China suddenly cut a BBC broadcast as the network's China correspondent began to discuss Beijing's detention of more than a million Uighur Muslims in "re-education" camps.
The BBC's Stephen McDonell filmed the moment it happened as he began to discuss the infamously poor treatment of the Turkic ethnic minority living in China's northwestern Xinjiang province.
After going on air at 7am to file his account of the trip, he decided to record the 8am replay.
The video shows his TV in China going blank as he says: “One thing he might be expected by some in Muslim countries to raise would be the question of the camps in the far west of China. There’s up to...” -Independent
Here’s the moment #China’s censors pull the @BBCWorld TV feed this morning as I’m speaking about the visiting crown prince of #SaudiArabia and the possibility of him raising the mass extra-judicial detention camps holding many 100s of thousands of ethnic Uighurs in the west... pic.twitter.com/Yl9Eo13GHL— Stephen McDonell (@StephenMcDonell) February 22, 2019
McDonell said that the same thing happened the previous day.
"We can pretty much predict the subjects when they will cut the feed and recently coverage of Xinjiang’s mass “re-education” camps has been just such a subject," he said.
McDonell's tweets sparked quite a few replies, including one from author and political historian Brian Dooley, whose interview on Chinese state television was cut short when he began to discuss the killings in Tiananmen Square.
I was interviewed in 2014 on Chinese state CCTV about American civil rights history. Interview swiftly ended when I started talking about killings in Tiananmen Square. @stephenmcdonell @bbcworld https://t.co/eLiYwOYoNL— Brian Dooley (@dooley_dooley) February 22, 2019
Winnie the Pooh isn’t happy with you! pic.twitter.com/af1XZaKIpl— Scary Monsters, Super Creeps (@daveparke) February 22, 2019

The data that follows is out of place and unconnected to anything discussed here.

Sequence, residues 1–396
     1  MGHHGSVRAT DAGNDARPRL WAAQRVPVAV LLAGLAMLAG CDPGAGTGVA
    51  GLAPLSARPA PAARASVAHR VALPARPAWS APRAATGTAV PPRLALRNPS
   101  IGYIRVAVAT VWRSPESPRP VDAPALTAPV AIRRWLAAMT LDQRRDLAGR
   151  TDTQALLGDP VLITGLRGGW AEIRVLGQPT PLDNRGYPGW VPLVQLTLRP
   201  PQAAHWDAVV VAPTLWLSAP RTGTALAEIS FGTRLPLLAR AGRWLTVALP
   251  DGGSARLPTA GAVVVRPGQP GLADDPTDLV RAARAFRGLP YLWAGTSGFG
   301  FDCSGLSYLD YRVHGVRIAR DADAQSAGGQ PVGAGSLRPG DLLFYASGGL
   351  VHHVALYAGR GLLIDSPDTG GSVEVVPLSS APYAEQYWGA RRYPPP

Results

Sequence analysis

Might’ve just been a glitch inside China. Who woulda thunk? ;-)— Stephen McDonell (@StephenMcDonell) February 22, 2019
China has gone to great lengths to pretend that their Uighur "re-education" camps are the happiest places on earth - going on a narrative-shifting campaign to spin the cities as positive.
According to a report in The Times, Beijing is parading groups of Muslims around on state TV to extol the virtues of the system.
One restaurant owner, for example, said he became more tolerant after his time in a re-education camp, stating: "If I had let the religious extremism develop, I might have beaten non-Muslims who entered my restaurant," the man identified as Abudu Saimaiti said. "In the worst case, I would not walk on public roads, take city buses or use the official currency, because they are provided by non-Muslims, who run this country."
Speaking into the camera, the Chinese Muslim business owner added, “Through learning the law and the national policy, I have come to realize it’s a dead end for me, for my family and for my offspring, and my hometown will for ever be chaotic.”
Any reports to the contrary will get yanked off TV without so much as a transition.